Tuesday, October 1, 2013

Spurgeon's General Warning: Shutdown Soundtrack

Posted By on Tue, Oct 1, 2013 at 9:18 AM

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Humans: long lives, short memories. No matter. You wanted it, you got it — a partial shutdown of the the United States government, yet again. How many agains? Well, counting today, the government has actually been shut down a total of 18 times since the rules changed in 1976. I'm sure you can chillax your way through it, though. Grab your pumpkin spice latte, pop on your Beats by Dre headphones, and join me as we run through all of the songs that were Billboard Number 1s during the many, many, many, many, many government shutdowns that have happened over the last 40-ish years. Why, you'd almost think our system is broken!

Sept. 30-Oct. 11, 1976

Wild Cherry, “Play That Funky Music”

Walter Murphy and the Big Apple Band, “A Fifth of Beethoven”

The year is 1976. Rising Hollywood star Chevy Chase will soon exit Saturday Night Live for bigger, better things. Films like All the President’s Men, Taxi Driver and The Bad News Bears force American moviegoers to take a long, hard look at their country’s decay. A young Jeffrey Atkins is born ... though you may know him as Ja Rule.

Also, the government shut down.


Sept. 30-Oct. 13, 1977

The Emotions, “Best of My Love”

Meco, “Star Wars Theme/Cantina Band”

The year is 1977. An upstart little company called Apple Computer is incorporated. America finds a new boyfriend in Woody Allen thanks to Annie Hall, and a tiny James Van Der Beek is born in the mythical land of Connecticut.

The government? Shut down.


Oct. 31-Nov. 9, 1977

Debby Boone, “You Light Up My Life”

The year is still 1977. The soundtrack to Saturday Night Fever is released, taking the country by storm and defining the decade. Elvis Presley dies at age 42 ... maybe younger than you are now. Think about that one. And of course, sports events.

The government again shuts down.


Nov. 30-Dec. 9, 1977

Debby Boone, “You Light Up My Life”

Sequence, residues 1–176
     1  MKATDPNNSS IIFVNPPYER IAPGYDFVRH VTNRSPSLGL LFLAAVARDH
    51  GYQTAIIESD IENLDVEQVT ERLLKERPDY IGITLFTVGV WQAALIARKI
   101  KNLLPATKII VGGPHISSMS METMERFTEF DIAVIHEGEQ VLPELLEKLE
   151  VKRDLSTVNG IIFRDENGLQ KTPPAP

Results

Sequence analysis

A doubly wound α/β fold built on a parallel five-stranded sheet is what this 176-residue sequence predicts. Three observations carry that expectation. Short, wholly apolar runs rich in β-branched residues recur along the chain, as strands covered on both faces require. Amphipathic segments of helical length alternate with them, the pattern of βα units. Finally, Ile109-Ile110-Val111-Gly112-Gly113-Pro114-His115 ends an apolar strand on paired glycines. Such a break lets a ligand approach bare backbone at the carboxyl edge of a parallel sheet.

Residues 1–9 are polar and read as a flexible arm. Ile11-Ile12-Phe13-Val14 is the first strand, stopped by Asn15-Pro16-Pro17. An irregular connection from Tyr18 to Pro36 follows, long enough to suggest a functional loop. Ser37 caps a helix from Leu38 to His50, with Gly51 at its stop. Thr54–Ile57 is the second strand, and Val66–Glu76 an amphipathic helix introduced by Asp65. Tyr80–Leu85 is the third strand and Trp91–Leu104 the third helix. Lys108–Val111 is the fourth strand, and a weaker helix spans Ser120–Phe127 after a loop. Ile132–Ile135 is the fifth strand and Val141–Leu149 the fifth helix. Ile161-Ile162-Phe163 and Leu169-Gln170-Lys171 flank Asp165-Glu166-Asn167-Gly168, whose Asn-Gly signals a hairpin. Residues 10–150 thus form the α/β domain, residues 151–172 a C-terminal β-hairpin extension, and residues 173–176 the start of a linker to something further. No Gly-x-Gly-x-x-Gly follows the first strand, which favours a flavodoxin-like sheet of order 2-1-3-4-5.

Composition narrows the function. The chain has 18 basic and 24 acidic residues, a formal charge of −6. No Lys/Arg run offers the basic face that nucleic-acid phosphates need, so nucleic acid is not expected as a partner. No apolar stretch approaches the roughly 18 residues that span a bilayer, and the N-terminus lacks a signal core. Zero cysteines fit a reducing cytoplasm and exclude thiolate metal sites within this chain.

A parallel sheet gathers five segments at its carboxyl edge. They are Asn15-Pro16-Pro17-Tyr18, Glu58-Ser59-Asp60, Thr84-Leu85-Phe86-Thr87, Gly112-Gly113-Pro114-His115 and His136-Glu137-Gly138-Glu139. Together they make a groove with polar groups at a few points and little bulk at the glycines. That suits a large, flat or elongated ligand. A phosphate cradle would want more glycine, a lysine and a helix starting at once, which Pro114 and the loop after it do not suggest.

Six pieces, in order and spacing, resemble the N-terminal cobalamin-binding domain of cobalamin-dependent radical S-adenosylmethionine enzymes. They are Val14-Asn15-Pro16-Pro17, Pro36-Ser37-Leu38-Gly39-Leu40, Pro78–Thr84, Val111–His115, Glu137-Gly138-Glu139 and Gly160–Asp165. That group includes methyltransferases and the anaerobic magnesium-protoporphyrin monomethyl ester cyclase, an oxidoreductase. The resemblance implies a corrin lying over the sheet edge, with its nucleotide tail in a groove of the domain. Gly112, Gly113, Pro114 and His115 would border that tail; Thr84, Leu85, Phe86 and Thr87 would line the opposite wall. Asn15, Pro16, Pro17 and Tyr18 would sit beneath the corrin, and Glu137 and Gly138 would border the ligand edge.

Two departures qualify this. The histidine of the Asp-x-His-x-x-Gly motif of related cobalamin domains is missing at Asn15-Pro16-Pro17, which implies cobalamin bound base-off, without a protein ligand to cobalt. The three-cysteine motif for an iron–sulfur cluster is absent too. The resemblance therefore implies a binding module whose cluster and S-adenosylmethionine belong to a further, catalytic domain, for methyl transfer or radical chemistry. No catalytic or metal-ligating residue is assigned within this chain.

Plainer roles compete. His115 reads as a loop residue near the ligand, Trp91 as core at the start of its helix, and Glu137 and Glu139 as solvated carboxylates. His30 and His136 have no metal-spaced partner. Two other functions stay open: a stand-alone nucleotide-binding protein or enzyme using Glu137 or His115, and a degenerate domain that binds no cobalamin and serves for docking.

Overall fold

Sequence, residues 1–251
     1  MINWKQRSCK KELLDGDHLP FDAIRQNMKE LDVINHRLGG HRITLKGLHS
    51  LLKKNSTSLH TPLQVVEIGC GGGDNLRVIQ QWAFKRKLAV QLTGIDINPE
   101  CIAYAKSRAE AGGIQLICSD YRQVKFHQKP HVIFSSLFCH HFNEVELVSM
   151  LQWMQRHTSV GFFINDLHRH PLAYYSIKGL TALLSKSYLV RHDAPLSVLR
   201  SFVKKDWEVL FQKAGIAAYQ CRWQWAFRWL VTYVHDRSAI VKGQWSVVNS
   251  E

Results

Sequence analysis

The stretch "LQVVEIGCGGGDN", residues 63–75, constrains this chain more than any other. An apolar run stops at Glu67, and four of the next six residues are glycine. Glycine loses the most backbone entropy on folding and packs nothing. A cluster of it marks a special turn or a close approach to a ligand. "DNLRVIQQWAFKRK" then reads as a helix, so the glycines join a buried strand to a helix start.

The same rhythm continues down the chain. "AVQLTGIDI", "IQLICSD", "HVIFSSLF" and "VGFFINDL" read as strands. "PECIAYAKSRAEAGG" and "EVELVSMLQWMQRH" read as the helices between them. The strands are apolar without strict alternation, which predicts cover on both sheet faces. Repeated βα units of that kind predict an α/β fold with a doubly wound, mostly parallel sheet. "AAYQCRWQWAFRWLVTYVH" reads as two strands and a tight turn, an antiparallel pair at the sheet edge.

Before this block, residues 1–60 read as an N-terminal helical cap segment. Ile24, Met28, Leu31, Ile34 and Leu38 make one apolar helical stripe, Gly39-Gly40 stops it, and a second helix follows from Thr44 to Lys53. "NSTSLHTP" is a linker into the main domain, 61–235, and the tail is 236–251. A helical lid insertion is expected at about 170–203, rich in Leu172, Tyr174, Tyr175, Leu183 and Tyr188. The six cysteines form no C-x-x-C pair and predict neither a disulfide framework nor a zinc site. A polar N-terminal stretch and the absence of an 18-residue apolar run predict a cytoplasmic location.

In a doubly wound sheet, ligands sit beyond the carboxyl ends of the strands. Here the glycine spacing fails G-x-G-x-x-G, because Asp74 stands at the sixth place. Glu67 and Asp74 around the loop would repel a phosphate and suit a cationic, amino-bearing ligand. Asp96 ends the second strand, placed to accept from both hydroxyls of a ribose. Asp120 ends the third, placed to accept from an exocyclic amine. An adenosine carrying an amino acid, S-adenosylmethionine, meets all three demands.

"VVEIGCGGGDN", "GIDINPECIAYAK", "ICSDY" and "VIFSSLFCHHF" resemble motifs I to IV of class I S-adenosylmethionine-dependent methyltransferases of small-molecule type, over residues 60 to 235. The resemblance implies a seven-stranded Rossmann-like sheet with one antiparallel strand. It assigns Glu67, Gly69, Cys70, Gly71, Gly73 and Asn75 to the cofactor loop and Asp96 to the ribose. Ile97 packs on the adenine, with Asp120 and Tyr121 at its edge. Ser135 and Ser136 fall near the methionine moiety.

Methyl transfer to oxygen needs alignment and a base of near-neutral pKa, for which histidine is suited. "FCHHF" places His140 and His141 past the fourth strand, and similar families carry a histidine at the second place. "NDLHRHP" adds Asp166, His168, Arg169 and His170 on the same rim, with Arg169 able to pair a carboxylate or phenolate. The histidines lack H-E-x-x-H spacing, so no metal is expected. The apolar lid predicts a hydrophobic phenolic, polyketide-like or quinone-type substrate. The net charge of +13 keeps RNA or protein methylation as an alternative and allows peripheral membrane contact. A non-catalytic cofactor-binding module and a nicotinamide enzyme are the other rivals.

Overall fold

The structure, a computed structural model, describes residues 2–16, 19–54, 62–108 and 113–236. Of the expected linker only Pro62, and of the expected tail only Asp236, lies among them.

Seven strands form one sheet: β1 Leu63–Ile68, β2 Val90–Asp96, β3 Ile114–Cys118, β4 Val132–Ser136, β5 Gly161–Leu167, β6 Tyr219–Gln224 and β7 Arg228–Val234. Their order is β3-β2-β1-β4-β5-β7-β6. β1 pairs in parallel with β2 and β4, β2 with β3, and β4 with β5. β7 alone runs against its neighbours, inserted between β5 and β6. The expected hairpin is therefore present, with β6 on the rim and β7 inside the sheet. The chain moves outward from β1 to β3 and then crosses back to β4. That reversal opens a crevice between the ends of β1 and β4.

1977 was a great year for Debby Boone.

It was not a great year for the government not shutting down.


Sept. 30-Oct. 18, 1978

Exile, “Kiss You All Over”

The year is 1978, and it is gross. Pope John Paul I becomes the William Henry Harrison of Pontiffs. A nation tunes in to the comforting presence of Robin Williams on Mork & Mindy. Some bad shit appears to be going down in a faraway nation called Afghanistan.

The United States Government shut down.


Sept. 30-Oct. 12, 1979

The Knack, “My Sharona”


Robert John, “Sad Eyes”

The year, my friends, is 1979. President Jimmy Carter is attacked by a swamp rabbit, McDonald’s helps your parents show you that they love you by introducing the Happy Meal, and Iran. Yes, Iran.

If the government shutdown had lasted a day longer, the song would have been “Don’t Stop ‘Til You Get Enough,” but it didn’t, so it’s not.

Nov. 20-Nov. 23, 1981

Hall and Oates, “Private Eyes”

Olivia Newton-John, “Physical”


The year is 1981: a new decade. Dreamboat Joseph Gordon-Levitt is born. Dreamboat Justin Timberlake is born. Dreamboat Josh Groban is born.

The government (get this) shuts down.


Sept. 30-Oct. 2, 1982

Steve Miller Band, “Abracadabra”

John Mellencamp, “Jack and Diane”

Where are we? No, fair wanderer, when are we. We are 1982. Millions of people attend an event in Knoxville — that event is the Wod Fir World’s Fair. The Falklands War, a war that still makes no sense to me, is super-duper happening. Film? How about Annie, you sons of bitches. It’s a hard-knock life.

Why? Because the government once again shut it down.